In Environmental pollution (Barking, Essex : 1987)
Poor air quality is an emerging problem in Australia primarily due to ozone pollution events and lengthening and more severe wildfire seasons. A significant deterioration in air quality was experienced in Australia's most populous cities, Melbourne and Sydney, as a result of fires during the so-called Black Summer which ran from November 2019 through to February 2020. Following this period, social, mobility and economic restrictions to curb the spread of the COVID-19 pandemic were implemented in Australia. We quantify the air quality impact of these contrasting periods in the south-eastern states of Victoria and New South Wales (NSW) using a meteorological normalisation approach. A Random Forest (RF) machine learning algorithm was used to compute baseline time series' of nitrogen dioxide (NO2), ozone (O3), carbon monoxide CO and particulate matter with diameter < 2.5 μm (PM2.5), based on a 19 year, detrended training dataset. Across Victorian sites, large increases in CO (188%), PM2.5 (322%) and ozone (22%) were observed over the RF prediction in January 2020. In NSW, smaller pollutant increases above the RF prediction were seen (CO 58%, PM2.5 80%, ozone 19%). This can be partly explained by the RF predictions being high compared to the mean of previous months, due to high temperatures and strong wind speeds, highlighting the importance of meteorological normalisation in attributing pollution changes to specific events. From the daily observation-RF prediction differences we estimated 249.8 (95% CI: 156.6-343.) excess deaths and 3490.0 (95% CI 1325.9-5653.5) additional hospitalisations were likely as a result of PM2.5 and O3 exposure in Victoria and NSW. During April 2019, when COVID-19 restrictions were in place, on average NO2 decreased by 21.5 and 8% in Victoria and NSW respectively. O3 and PM2.5 remained effectively unchanged in Victoria on average but increased by 20 and 24% in NSW respectively, supporting the suggestion that community mobility reduced more in Victoria than NSW. Overall the air quality change during the COVID-19 lockdown had a negligible impact on the calculated health outcomes.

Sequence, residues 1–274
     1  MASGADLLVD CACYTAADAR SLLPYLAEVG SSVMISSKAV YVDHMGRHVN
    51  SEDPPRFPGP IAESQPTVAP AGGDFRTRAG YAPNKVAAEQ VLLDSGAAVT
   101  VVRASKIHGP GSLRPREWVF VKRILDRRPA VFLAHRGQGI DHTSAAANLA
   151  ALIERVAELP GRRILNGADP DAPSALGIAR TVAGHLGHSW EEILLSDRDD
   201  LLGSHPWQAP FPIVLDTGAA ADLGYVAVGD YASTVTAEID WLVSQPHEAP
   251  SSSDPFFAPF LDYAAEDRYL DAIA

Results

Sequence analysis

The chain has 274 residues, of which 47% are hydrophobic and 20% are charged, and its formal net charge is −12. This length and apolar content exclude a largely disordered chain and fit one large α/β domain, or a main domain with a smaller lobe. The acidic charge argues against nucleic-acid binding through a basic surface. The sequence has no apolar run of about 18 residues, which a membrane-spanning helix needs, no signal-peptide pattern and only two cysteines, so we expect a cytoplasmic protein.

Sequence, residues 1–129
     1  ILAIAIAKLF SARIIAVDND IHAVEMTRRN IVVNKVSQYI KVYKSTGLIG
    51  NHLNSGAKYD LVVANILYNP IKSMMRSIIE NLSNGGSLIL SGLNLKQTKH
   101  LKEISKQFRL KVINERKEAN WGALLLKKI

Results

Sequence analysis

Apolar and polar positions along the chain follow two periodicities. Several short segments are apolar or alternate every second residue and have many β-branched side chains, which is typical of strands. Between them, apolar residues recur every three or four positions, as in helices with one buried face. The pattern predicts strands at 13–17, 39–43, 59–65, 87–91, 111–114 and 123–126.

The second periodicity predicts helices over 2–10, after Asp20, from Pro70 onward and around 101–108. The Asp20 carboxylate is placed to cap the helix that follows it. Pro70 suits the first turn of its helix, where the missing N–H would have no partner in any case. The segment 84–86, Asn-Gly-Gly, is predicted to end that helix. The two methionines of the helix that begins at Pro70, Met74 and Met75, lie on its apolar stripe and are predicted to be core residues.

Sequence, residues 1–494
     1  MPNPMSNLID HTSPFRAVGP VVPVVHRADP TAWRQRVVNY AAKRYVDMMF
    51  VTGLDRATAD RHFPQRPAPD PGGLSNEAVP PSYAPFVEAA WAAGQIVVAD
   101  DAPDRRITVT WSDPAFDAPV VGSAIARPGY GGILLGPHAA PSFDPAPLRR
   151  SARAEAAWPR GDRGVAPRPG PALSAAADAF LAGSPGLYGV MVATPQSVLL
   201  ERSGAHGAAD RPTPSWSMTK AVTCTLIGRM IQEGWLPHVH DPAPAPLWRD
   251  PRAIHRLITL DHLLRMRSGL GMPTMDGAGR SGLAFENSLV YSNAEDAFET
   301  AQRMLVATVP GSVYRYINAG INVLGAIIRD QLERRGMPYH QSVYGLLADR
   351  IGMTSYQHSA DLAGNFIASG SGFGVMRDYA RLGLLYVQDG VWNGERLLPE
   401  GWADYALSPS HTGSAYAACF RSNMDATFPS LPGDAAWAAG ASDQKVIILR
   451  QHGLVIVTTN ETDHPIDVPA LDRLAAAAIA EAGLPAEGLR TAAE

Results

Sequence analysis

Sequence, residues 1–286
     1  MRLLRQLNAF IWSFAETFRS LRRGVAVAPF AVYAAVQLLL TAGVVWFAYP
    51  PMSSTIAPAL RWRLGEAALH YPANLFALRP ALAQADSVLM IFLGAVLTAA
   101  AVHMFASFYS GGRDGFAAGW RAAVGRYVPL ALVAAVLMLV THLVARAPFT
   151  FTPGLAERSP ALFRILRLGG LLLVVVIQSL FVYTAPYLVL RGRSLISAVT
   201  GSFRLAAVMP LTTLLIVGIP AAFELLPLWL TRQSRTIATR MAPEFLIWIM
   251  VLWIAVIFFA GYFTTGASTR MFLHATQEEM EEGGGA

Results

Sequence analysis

Ryan Robert G, Silver Jeremy D, Schofield Robyn
Air quality, COVID-19, Meteorological normalisation, Particulate matter, Pollution health impact, Smoke